LONDON (Reuters) - British wind power production reached a record high just before the New Year as storms hit the British Isles and powered onshore and offshore wind turbines, beating the previous high by nearly 20 percent, generation data showed on Friday.
Wind farms produced a record 12.2 percent of UK energy demand on December 28, statistics provided by green energy association RenewableUK showed, displacing the previous record of 10 percent.
“Wind energy represents a new paradigm in electricity generation, allowing us to harness the power of the weather when it’s available, cutting our fossil fuel bills and lowering our carbon emissions,” said Gordon Edge, director of policy at RenewableUK.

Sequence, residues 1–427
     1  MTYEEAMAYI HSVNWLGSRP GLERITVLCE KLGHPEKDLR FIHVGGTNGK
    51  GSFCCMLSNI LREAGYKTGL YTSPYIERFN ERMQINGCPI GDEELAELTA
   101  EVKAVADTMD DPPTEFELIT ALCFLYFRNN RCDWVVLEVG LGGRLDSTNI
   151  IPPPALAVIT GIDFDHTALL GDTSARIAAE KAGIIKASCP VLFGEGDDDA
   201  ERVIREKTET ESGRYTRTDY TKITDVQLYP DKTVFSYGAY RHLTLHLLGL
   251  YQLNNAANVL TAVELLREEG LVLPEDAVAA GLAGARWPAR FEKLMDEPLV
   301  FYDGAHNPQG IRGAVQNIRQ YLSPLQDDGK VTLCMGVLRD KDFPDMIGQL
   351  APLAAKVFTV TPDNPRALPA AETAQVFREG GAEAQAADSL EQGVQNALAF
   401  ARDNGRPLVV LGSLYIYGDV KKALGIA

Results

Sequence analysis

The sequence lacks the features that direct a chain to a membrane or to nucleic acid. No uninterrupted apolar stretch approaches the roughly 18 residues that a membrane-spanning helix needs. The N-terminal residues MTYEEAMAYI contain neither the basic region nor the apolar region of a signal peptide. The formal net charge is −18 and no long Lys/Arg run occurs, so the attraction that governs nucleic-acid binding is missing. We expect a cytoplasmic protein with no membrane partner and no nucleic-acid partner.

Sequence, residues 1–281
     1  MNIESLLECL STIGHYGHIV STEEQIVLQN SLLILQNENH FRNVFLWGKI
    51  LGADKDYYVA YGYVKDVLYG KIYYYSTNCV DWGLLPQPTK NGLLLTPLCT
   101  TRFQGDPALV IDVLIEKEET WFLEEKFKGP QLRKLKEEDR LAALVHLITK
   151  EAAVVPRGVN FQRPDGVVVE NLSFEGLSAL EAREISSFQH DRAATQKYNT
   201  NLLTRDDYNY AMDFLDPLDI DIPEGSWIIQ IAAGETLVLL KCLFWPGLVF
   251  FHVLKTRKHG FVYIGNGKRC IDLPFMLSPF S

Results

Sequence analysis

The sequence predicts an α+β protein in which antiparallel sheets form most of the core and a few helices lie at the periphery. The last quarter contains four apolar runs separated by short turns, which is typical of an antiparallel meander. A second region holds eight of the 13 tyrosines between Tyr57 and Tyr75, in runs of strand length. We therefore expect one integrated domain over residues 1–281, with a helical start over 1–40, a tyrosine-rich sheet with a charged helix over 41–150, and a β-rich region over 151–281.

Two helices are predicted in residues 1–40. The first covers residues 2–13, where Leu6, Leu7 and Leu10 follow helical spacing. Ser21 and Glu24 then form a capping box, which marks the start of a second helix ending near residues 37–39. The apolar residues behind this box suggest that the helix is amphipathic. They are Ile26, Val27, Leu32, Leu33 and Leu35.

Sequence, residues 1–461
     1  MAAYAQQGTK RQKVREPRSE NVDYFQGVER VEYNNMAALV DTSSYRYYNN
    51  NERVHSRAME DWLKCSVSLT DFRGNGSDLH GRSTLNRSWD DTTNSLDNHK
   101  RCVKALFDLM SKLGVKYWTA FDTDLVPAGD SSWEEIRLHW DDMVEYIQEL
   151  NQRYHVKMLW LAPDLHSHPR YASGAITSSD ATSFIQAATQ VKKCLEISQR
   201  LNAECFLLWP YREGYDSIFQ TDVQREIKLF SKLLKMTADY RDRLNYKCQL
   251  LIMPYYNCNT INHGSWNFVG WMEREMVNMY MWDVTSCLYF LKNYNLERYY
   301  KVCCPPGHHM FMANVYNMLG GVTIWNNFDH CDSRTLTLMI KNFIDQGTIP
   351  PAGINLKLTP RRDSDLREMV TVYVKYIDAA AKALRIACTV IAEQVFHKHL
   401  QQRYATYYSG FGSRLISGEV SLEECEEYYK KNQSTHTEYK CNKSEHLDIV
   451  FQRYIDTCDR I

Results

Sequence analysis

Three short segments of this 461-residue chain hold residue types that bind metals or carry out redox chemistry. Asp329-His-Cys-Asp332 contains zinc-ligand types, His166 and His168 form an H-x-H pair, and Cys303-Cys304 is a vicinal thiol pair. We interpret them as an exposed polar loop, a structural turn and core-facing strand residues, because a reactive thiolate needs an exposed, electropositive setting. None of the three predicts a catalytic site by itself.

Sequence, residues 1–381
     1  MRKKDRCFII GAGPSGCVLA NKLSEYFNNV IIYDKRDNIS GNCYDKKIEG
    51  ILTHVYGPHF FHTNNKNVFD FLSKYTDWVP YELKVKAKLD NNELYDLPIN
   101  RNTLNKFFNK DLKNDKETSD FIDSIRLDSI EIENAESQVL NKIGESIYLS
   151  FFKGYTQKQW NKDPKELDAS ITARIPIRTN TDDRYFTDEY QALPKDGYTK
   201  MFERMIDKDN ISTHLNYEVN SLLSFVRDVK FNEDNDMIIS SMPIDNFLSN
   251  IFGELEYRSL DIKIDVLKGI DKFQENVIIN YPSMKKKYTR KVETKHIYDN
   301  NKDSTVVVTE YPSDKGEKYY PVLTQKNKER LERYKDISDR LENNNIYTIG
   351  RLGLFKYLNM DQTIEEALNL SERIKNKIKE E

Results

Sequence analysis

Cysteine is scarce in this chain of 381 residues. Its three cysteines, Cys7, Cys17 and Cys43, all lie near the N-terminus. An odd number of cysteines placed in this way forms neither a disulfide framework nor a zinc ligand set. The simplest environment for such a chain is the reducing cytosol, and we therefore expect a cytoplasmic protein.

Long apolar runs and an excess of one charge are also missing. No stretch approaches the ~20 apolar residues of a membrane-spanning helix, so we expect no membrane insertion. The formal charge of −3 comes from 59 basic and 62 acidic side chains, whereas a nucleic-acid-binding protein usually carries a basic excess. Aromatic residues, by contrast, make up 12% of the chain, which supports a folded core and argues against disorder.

Storms hit Britain over the New Year, which helped power wind farms but also cut off power supply to more than 100,000 households as uprooted trees and debris damaged electricity cables and poles.
Average wind power production between December 1, 2011 and January 5, 2012 covered 5.3 percent of UK power demand, RenewableUK data showed.
Wind power is considered a key energy resource to help Britain meet its legally-binding target of cutting carbon emissions by 34 percent below 1990 levels by the end of this decade.
UK wind power capacity is expected to grow by one third this year, bringing total installed wind capacity to around 8,000 megawatts (MW), the association said.
Reporting by Karolin Schaps